I have a lot of omotenashi stories from [food and beverage] places or our luxury stores. Even before I came back to LVMH, so many times when I went to the stores they didn’t know me, but you feel so good. It’s respect. Respect for the customer, and respect for the product. It’s very nice. I think foreigners living in Japan become kind of addicted to omotenashi.
Q: In Japan, you focus on the three Es. Can you tell me about that?
A: The three E’s are emotion, excellence and enthusiasm. I just want to say one thing. We do business. Especially in our company, we do business, but we always keep in mind exigency, that’s another E I could add.
When I talk about emotion and excellence, enthusiasm and exigency, they’re all part of my daily life. The three Es are just a way of summarizing the spirit of entrepreneurship. Do something new. Don’t hesitate to have good and new ideas. This is the only thing we have to encourage in Japan a little bit more, is enthusiasm.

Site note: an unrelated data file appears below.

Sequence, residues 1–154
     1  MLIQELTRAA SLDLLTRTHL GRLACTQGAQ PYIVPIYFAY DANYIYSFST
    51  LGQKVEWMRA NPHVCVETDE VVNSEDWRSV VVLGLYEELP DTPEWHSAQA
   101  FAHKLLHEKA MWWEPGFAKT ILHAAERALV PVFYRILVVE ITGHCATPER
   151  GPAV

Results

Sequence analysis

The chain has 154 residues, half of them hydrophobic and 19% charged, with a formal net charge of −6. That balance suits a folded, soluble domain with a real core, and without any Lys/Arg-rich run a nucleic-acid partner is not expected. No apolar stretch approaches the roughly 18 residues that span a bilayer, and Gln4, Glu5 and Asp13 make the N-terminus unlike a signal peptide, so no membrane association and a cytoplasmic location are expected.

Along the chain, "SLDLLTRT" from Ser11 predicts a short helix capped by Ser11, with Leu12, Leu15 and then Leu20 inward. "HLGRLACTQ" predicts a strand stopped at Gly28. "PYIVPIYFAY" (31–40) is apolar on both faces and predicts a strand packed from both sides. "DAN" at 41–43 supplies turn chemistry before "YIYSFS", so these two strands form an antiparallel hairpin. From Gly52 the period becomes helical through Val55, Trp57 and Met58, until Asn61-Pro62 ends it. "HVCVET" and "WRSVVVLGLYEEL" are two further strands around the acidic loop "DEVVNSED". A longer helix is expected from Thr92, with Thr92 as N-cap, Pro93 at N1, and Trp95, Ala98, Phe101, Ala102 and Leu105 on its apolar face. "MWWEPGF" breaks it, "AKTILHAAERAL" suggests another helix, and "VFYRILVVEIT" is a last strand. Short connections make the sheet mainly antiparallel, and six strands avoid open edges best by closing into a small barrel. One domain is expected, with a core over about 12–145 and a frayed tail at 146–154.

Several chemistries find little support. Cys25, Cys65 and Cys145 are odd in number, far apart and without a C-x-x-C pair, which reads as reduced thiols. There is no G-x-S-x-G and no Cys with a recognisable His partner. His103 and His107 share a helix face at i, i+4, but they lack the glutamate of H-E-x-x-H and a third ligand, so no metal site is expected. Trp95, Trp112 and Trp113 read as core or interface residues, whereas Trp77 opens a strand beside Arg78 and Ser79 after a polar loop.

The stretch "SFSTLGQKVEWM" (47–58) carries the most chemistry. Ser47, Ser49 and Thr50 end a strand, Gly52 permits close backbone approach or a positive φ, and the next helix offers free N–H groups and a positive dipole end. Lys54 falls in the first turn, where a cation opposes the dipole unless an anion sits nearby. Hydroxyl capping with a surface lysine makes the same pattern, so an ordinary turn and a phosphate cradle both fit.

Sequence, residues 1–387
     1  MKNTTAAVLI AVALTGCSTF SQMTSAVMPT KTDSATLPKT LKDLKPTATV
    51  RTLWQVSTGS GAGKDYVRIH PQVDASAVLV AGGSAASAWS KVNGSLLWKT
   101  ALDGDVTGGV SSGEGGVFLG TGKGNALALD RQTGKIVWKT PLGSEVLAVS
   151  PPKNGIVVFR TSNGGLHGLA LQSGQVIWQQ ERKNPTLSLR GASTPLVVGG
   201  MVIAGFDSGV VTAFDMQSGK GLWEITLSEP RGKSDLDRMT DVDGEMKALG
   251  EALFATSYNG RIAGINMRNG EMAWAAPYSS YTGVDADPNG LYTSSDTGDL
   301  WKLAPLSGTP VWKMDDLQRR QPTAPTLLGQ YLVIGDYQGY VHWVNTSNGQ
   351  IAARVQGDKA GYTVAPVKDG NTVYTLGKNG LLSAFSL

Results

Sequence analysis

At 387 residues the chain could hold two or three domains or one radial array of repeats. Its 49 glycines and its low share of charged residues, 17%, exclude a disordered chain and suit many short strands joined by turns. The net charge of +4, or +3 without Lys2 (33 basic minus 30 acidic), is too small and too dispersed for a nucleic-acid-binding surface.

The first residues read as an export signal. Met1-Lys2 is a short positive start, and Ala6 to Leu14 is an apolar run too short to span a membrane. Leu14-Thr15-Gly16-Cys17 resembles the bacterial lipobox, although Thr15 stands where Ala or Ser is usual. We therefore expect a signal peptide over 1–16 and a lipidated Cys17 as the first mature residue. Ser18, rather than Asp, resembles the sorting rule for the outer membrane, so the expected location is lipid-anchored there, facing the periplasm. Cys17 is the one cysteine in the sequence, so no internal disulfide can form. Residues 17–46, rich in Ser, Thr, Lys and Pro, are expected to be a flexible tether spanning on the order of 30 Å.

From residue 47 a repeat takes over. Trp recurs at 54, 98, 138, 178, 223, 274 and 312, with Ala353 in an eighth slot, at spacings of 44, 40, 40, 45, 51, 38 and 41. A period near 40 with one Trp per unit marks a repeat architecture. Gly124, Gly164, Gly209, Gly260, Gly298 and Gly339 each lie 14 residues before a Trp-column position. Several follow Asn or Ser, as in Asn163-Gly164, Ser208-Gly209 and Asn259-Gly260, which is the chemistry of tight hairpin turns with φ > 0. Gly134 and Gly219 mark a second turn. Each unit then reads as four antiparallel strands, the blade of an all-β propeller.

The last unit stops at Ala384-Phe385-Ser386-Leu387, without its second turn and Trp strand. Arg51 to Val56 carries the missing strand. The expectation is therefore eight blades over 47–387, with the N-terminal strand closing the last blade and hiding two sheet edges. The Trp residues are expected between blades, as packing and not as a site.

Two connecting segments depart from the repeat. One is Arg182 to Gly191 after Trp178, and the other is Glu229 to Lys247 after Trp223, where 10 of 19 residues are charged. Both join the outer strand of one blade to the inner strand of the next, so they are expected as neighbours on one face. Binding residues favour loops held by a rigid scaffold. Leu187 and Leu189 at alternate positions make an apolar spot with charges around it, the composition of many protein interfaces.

I go to universities to give lessons about the fashion business, in Tokyo and Kansai, and I think sometimes young people are a bit too spoiled, and that we should do more to stimulate enthusiasm. Young people need more stimulation sometimes. If you have everything you need from the beginning, then why do you want to do something new? You still must quest for additional things.
I’m so happy when I go, for instance, to Shibuya [in Tokyo], because at Shibuya they are doing start-up buildings, which is very important. In France, a lot of young people prefer to work for start-ups. Our group LVMH is always promoting start-up businesses. We are connected with start-up incubators in France, our chairman gives out a start-up prize, even among our employees we try to stimulate their start-up ideas.
The three E’s — it’s not only three, it’s really excellence, exigency, enthusiasm, entrepreneurship — I don’t know why I chose E, I could have chosen F for fight, but E has many good qualities.
Avid collector of yatate
Q: You’re also interested in Japanese materials.
A: Yes, we are interested in Japanese craftsmanship. We think that Japan has fantastic craftsmen in many fields — textiles, sake, metals, so many things. We even created a special study program between French schools and Japanese universities to research, and we have some Japanese teachers researching about how to maintain, preserve and develop Japanese craftsmanship. These people are doing something in Japan right now, and they are going to come to France and compare and try to see how French craftsmen could be working with Japanese ones in the future.